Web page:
Mural Painting and Missionary Theater in New Spain
Hardcover ($50.00), Ebook ($50.00)
The languages of two hemispheres collided when Spain conquered Mexico, and as a result, a dynamic expression of visual and dramatic arts emerged. Mural painting and missionary theater quickly became the media to explain and comprehend the encounter of indigenous peoples with Christ and the crucifixion, as well as with heaven and hell.
In Foundational Arts Michael K. Schuessler asserts that the literature of New Spain begins with missionary theater and its intimate relationship to mural painting. In particular, he examines the relationships between texts and visual images that emerged in Mexico at two Augustinian monasteries in Hidalgo, Mexico, during the century following the Spanish Conquest. The forced combination of the ideographical tradition of Nahuatl with Latin-based language alphabets led to a fascinating array of new cultural expressions.
Missionary theater was organized by ingenious friars with the intent to convert and catechize indigenous populations. Often performed in Nahuatl or other local languages, the actors combined Latin-based language texts with visual contexts that corresponded to indigenous ways of knowing: murals, architectural ornamentation, statuary, altars, and other modes of visual representation. By concentrating on the interrelationship between mural painting and missionary theater, Foundational Arts explores the artistic and ideological origins of Mexican plastic arts and literature.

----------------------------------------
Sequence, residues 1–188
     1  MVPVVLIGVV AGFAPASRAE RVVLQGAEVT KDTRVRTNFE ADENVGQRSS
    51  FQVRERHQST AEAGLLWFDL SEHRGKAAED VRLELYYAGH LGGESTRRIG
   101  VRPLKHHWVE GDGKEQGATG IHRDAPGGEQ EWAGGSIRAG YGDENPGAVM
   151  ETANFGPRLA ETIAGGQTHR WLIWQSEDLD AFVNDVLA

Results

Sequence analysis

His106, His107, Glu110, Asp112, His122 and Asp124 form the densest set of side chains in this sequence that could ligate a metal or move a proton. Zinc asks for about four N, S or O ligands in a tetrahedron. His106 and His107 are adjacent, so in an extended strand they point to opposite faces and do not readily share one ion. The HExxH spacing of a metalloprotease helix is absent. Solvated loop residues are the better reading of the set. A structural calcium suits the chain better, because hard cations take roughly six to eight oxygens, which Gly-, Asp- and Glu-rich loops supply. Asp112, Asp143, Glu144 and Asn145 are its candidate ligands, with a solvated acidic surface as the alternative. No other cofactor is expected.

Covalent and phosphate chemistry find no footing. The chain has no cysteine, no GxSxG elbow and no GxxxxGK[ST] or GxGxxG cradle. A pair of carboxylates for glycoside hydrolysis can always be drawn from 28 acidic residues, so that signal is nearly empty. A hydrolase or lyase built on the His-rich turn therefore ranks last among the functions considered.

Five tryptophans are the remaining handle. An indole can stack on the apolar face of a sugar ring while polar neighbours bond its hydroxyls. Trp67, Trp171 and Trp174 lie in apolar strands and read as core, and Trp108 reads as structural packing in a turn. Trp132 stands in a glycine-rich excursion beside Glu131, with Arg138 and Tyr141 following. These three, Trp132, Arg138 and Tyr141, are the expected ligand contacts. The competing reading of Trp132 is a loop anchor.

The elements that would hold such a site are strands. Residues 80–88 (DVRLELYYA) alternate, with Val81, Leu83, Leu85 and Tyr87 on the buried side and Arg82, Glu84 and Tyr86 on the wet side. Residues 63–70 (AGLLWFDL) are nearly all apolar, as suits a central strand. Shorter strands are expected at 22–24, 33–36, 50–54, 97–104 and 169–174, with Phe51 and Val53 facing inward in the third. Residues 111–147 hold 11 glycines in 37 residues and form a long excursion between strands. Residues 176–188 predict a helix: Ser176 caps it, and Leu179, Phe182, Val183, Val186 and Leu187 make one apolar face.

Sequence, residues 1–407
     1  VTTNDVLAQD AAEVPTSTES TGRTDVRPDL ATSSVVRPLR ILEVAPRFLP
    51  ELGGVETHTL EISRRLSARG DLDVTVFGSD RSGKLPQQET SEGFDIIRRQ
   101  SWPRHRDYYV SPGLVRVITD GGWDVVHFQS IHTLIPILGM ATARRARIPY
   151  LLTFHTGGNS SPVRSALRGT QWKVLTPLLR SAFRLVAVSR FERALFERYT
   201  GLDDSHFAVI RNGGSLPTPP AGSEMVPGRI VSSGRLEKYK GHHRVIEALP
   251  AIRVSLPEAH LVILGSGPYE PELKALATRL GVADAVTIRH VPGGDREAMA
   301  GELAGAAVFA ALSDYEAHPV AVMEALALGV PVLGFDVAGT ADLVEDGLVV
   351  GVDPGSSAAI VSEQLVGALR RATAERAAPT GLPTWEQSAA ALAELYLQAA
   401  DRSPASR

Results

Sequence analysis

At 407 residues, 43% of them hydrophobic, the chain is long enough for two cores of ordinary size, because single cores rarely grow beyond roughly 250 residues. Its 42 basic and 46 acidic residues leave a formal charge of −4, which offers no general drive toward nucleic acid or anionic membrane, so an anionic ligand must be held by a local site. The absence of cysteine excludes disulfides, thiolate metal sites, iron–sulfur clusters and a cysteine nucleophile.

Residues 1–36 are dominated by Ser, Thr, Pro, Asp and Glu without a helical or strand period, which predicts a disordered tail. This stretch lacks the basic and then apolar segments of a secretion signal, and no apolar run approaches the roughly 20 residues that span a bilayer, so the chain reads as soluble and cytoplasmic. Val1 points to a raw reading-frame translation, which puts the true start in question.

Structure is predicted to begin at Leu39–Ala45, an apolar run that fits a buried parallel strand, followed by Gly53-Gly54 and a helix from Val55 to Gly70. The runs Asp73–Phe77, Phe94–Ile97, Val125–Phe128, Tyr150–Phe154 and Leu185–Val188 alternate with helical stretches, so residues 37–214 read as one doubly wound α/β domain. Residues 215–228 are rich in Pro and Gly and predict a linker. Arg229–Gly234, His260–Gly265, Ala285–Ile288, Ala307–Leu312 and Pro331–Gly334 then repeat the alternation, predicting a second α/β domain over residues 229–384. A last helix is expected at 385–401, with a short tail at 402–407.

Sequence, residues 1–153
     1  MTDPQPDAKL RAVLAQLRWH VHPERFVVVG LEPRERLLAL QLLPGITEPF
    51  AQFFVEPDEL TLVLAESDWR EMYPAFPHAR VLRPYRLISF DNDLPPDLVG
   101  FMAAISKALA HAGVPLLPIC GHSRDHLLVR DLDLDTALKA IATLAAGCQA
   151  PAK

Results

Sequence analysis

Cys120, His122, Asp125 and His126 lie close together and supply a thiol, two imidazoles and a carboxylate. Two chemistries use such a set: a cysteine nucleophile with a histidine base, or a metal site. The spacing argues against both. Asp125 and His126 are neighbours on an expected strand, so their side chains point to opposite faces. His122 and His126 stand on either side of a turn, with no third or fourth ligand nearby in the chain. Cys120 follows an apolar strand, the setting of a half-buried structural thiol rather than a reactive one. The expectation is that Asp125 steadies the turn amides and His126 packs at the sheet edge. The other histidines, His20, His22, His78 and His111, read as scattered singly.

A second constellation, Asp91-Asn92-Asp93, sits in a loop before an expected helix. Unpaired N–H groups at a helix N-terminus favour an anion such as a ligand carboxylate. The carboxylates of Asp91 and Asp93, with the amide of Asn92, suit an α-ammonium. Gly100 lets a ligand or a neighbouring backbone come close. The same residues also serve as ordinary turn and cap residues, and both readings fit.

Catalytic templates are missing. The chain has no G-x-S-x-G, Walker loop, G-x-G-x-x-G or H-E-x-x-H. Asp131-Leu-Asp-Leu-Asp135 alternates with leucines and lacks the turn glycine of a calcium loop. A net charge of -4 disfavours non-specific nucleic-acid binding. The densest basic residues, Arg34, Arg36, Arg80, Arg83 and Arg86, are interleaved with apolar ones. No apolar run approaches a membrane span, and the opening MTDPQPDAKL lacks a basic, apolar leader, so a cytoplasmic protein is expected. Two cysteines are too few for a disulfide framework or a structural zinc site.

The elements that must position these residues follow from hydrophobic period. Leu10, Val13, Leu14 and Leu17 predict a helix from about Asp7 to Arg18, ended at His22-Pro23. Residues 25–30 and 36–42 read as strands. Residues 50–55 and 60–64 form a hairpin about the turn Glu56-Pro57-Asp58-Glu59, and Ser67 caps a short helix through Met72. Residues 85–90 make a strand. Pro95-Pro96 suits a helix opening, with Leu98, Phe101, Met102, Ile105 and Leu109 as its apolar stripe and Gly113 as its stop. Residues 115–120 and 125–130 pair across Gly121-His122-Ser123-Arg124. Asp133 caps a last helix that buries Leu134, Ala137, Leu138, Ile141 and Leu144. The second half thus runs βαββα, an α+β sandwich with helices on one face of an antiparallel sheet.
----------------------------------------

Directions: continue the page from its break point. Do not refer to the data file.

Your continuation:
"Based on a wide array of meticulously scrutinized sources, Schuessler’s conclusions will unmistakably stand the test of time. Unlike some books that rest conclusions on weak foundations, Schuessler carefully pieces together large amounts of evidence to discern the hidden transcripts in the sources consulted."—Robinson A. Herrera, author of Natives, Europeans, and Africans in Sixteenth-Century Santiago de Guatemala
“Reminiscent of the hybrid codices created by pre-Hispanic tlacuilos (scribes), in this passionate and well-documented study, Michael K. Schuessler explores and analyzes the inseparable relationship between the dramatic and plastic arts as they developed and coalesced during the first decades after the Spanish Conquest. The result of this exceptional syncretic process was the birth of Mexican literature and art per se, neither indigenous nor European but something entirely unique to the remarkable—and painful—manner in which New Spain was born.”—Sara Poot-Herrera, author of Los guardaditos de Sor Juana
“Schuessler’s book creates a fascinating comparative analysis of art and literature, spanning the roots of Mexican iconography and beyond.”—Bulletin of Spanish Studies